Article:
Hallmarking brings semblance of order to India’s chaotic gold trading
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No one is sure how many jewellers there are in India. The All India Gem and Jewellery Domestic Council (GJC), which represents jewellery retailers in the country, puts the figure at between 300,000 and 350,000. What is certain is the importance of the sector to the country’s economy and its culture. The gem and jewellery market is the second largest in the world, contributing roughly 7.5 per cent to gross domestic product, 15 per cent to merchandise exports, and directly employing 10mn people.
So, when, in June 2021, the government introduced mandatory hallmarking for all gold jewellery into a sector that embraces both the village jeweller in a tiny workshop and the big glossy stores of Mumbai or Delhi — plus everything in between — the challenges were always going to be complex.
The rule change was the culmination of more than a decade of dialogue between the government and the industry. Hallmarking has been voluntary since 2000 but only 30 per cent of jewellery was sold with marks that certify the item as being particular caratage — whether 18ct or 22ct, for instance.
One of the prime movers behind mandatory hallmarking has been the World Gold Council, which believes modernising the sector could boost jewellery exports and give consumers more confidence in the purity of gold they buy.
This issue of trust is at the heart of the new regime and has become more pressing as societal changes affect how, and where, consumers buy their gold jewellery. “While people trust the jewellers, there have also been many, many cases where people always expect — even if it is their own jeweller — that [when] he is telling me [a piece of jewellery] is 22ct, it is really not 22ct,” explains Somasundaram PR, the regional chief executive of WGC’s Indian operations. “The point is I get a benefit that when I go back to him [to sell the piece] he cannot say it is not 22ct.”
“There is not absolute trust in purity and price,” he says, but also notes that gold transactions in rural areas were as close to a banking service as the locals could get. “There was never a bank in those places, so gold was actually a financial inclusion tool.”
Research by the WGC has shown that when consumers go to sell their pieces to a jeweller from whom they have not bought, “80 per cent of them found it was under caratage. It need not necessarily mean the jeweller actually cheated them,” says Somasundaram PR, “it is also possible the bar itself did not have the right standards. But then who do you blame when the entire chain was like this?”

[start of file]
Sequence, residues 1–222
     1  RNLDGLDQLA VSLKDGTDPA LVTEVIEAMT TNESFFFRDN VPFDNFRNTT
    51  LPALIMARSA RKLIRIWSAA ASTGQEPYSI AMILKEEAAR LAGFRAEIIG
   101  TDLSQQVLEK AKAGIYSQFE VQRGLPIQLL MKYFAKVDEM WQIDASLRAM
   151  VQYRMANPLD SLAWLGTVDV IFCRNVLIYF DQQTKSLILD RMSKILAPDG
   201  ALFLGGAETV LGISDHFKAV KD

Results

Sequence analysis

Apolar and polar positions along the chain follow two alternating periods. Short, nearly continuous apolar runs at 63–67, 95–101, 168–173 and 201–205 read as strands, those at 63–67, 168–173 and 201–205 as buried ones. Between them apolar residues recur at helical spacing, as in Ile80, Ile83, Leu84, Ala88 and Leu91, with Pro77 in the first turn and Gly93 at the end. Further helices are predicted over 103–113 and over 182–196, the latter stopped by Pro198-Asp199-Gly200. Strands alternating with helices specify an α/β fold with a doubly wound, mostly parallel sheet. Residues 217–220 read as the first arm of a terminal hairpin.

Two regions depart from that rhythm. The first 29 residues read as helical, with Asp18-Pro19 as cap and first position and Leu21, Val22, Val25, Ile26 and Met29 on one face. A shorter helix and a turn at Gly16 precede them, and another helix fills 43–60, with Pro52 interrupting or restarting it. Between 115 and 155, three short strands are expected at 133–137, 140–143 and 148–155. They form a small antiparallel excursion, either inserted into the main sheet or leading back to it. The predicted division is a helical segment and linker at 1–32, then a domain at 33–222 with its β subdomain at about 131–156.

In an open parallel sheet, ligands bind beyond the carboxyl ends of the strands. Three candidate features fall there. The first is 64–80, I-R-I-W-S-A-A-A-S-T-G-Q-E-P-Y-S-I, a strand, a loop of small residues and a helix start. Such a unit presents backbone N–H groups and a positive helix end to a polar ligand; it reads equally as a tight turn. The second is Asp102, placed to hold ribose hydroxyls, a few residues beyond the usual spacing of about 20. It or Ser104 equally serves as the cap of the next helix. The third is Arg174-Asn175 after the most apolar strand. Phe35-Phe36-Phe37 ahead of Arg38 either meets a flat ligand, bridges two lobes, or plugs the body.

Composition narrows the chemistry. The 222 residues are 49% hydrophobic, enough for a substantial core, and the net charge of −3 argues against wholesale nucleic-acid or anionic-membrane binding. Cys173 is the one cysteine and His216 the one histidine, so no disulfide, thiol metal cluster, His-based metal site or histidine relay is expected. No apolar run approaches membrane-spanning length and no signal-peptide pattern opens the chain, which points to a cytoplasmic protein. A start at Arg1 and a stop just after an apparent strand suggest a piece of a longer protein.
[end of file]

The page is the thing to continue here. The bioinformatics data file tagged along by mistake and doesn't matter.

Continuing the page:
He is referring in particular to the period before 1991, when gold imports to India were banned. At the time, buyers would tolerate impurity by sellers, given the problems of sourcing gold.
Pure, 24ct gold is too soft to withstand wear, so, for jewellery making, it is generally alloyed with other metals. As the Bureau of Indian Standards (BIS), which is overseeing the introduction of the hallmarking regime, points out in a recent briefing paper on mandatory hallmarking: “The need for alloying of gold . . . makes the public extremely vulnerable to excessive adulteration.”
The BIS also acknowledges the complex nature of Indian jewellery, which is mainly made of high caratage gold but with numerous soldered joints of much lower caratage. This makes determining its purity even harder.
In addition, 24ct plating of low caratage jewellery is common. “The consumer, though well aware of such malpractices, still has no option but to submit himself to repeated cheating by unscrupulous traders,” it states.
The hallmarking scheme has been fraught with problems, however. Two months after its launch, most of India’s jewellery stores staged a one-day strike. Jewellers objected to the way the system was being implemented, but their anger was mainly directed at the hallmarking unique ID (HUID). Described by the WGC as potentially “transformative for the jewellery sector”, it is a laser mark that assigns an alphanumerical code to each piece of jewellery, to show the identity of the seller and the assay centre.
Its introduction slowed the hallmarking process down considerably, though, with jewellers unable to sell their pieces without the hallmark. As a result, its scope has been pared back for now, with the HUID imprinted on jewellery and in the digital records of assay centres, but not integrated with the records of jewellers or manufacturers. It is a concession that will please those jewellers that had raised concerns about privacy.
Ashish Pethe, chair of GJC, which helped persuade the government to phase in hallmarking so that infrastructure, including new assay centres, could be put in place first, says that despite the protests, a “large part of the industry has welcomed it [mandatory hallmarking] and embraced it with open arms”.
He points to the 120mn pieces that are expected to be hallmarked this year, up from 50mn before the pandemic.
But the GJC still has concerns, such as problems trading jewellery between districts in the scheme and those yet to be included. There are also worries about penalties for falling foul of the rules.
“In some places, the law states if one of your pieces fails with more than 4 per cent difference in purity declared, your registration can be cancelled. An extreme step and the person can go out of business,” says Pethe.
However, he praises the government response to the industry’s concerns throughout the process and is optimistic these issues will be resolved.
According to WGC, there will be consequences, though. These include increased costs for small retailers in particular — which could lead to consolidation and “a more organised and formal jewellery industry”.